black and white photos

ventriloquists in a box

whisper of the past

Hello, how are you?

It sure has been a long time. I wanted to tell you

I met a colleague of yours today and we shared

stories about you over a glass of wine.

Anyway, he seemed to know you well,

(shocked to meet me)

and he filled me in on the recent chapters

of your (storybook) life as he took me on a casual stroll down

(your) memory lane. Lovely it was, full of sheets

of white canvas, of sailboat journeys off Cape Cod

and Perrier with a (surprising) twist…

It seems that in writing your memoirs

You neglected three rather significant

obstacles you had to overcome. Now, I know

you are a perfectionist, and the fruit doesn’t fall

far from the tree, so I was only too happy to correct your failing

memory and set the story straight.

(Memoirs are non-fiction, as you’ll recall

from your English Lit college days.)

So not to worry. Between the telling of the white

doves and multiple judicial decrees,

(no charge–consider it a gift)

where you should have mentioned

your aversion

to diapers and bed-time stories,

I took the liberty to correct your oversight

and preserve the honesty and integrity of your story

by adding the words

this page, intentionally left                ____________.

Hi everyone!

We’re back from vacation and I am trying to get back into the swing of things, so I thought I’d pose a question for discussion to get my fingers warmed up.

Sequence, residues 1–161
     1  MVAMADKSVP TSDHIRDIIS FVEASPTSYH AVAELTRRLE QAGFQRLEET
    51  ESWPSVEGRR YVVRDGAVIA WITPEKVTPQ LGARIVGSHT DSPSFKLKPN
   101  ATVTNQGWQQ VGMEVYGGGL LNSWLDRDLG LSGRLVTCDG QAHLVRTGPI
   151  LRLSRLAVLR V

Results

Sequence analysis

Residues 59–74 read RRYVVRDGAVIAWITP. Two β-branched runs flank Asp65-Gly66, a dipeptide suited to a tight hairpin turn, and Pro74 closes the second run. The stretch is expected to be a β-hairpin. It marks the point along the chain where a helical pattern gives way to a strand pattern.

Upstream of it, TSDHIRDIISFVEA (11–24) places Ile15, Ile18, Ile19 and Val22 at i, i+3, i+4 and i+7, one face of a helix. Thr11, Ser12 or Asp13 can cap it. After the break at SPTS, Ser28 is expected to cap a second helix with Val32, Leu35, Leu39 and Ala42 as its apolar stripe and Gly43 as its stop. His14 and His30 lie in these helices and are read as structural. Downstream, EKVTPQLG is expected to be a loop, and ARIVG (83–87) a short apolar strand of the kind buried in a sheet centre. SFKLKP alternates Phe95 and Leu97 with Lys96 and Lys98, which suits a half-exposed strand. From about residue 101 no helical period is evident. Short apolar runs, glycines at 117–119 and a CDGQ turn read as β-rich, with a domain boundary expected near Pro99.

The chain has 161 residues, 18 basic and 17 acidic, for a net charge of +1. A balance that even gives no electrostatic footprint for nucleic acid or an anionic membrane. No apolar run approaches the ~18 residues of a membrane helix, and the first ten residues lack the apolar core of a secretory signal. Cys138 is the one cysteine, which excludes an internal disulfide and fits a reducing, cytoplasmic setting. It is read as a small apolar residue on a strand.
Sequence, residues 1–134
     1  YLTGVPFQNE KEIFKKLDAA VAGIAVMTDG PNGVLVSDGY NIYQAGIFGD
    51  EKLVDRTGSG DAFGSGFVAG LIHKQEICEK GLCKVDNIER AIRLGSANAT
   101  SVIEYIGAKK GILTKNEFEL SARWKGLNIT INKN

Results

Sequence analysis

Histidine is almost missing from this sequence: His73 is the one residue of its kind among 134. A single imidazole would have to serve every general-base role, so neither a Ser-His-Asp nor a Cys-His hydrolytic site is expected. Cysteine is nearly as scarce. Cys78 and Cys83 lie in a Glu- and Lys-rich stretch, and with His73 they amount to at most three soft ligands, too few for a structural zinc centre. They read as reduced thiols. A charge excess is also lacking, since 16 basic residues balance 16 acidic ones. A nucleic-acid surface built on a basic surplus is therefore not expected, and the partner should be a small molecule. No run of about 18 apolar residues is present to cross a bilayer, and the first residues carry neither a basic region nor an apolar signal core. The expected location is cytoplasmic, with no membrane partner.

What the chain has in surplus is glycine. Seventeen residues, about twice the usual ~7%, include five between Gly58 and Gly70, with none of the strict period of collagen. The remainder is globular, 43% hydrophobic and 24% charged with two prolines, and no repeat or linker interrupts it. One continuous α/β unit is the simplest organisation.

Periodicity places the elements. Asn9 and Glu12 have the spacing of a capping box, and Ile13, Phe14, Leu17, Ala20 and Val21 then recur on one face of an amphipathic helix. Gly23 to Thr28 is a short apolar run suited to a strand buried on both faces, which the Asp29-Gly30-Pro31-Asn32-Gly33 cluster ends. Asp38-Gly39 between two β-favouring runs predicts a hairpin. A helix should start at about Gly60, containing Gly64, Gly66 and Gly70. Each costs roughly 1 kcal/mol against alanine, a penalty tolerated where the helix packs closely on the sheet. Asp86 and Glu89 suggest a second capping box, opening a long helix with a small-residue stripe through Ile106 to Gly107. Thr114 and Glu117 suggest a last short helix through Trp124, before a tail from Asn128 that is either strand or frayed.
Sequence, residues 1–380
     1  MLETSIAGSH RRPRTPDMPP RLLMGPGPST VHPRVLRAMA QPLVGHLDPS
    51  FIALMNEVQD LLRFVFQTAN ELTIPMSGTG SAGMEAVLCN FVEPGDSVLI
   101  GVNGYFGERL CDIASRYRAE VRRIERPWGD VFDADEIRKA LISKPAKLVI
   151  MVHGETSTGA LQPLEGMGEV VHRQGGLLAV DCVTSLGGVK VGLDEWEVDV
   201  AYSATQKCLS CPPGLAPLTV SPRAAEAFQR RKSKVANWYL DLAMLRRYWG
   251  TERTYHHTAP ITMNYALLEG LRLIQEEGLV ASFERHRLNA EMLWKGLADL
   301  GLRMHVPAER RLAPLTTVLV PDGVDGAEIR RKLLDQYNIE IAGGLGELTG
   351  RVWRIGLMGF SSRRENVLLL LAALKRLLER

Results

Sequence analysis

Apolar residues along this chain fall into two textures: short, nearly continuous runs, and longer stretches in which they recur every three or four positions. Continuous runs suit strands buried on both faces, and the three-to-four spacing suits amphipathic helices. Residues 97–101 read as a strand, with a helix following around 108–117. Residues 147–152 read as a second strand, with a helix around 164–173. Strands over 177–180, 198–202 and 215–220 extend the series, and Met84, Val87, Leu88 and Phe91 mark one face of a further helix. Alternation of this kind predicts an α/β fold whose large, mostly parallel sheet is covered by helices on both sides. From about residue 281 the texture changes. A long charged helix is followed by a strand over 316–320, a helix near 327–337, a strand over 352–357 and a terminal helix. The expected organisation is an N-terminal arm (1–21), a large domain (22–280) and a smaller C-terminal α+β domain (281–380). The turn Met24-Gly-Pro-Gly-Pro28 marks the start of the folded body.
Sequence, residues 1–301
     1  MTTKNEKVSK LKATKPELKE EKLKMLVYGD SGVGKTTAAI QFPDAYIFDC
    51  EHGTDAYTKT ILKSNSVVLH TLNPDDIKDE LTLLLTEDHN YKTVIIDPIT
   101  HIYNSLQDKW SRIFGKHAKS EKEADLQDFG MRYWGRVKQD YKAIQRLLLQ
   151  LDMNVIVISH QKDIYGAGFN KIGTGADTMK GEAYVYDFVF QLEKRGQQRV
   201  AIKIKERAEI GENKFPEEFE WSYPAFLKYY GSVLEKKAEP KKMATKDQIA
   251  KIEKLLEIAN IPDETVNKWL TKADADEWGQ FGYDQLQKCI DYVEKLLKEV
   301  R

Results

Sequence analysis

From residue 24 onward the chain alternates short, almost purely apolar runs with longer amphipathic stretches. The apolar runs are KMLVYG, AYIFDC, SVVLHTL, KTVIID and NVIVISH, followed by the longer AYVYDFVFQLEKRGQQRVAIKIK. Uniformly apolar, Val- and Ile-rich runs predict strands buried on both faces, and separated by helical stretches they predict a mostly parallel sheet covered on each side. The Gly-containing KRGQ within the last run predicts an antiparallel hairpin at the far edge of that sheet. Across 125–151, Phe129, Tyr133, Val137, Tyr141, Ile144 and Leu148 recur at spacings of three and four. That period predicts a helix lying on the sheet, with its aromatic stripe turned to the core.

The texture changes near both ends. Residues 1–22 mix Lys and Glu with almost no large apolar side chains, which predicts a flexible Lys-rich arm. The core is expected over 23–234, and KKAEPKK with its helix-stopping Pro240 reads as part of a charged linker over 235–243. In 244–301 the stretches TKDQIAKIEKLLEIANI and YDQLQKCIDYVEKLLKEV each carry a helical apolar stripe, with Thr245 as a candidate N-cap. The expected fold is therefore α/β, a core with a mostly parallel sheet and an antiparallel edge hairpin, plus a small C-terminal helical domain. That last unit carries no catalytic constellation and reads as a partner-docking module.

I’ve always believed that things “happen for a reason,” and that no coincidence is meaningless or entirely random. Over the years I’ve experienced many coincidences that seem to have shaped the path of my life, or validated a path I was considering. Some are “big” and some are “little,” but I always try to figure out the meaning behind them. For example, as many of you know I’ve been thinking about my grandmother (the subject of “Camelot”). We called her “Nanny” or “Nan,” which in my experience is a rather rare term. In any event, while strolling the boardwalk recalling memories of my childhood, a man caught my eye. He had a tattoo on his arm with the word “Nanny” above a cross and two dates–one of them being my birthday. Later during the week, we went boating, and my husband helped a man anchor his boat. They chatted for a bit, and it turned out the man and my father shared the same name.

How about you? What do you think about coincidences? Are they completely random, or evidence of a greater orchestrating power? Have any altered the course of your life?

Do tell!

Finally–a sestina has been written. Not a great one, maybe not even a “correct” one ( I have seen so many definitions I am utterly confused) but a first effort. Thank you, Jaymie for prompting me to get this flipping thing done. It was..umm…fun.

Oh–and I’m online–at least for now:)




Unteachable was her verdict, as she shook hands

With the mother, and patted the silent child

On her shoulder-a tap tap tap that was heard

Only by the girl who did not speak.

The wise teacher did not understand

The weight of her scholarly voice.


The girl would often remember that voice

At night, when hiding in her room clutching hope in her hands.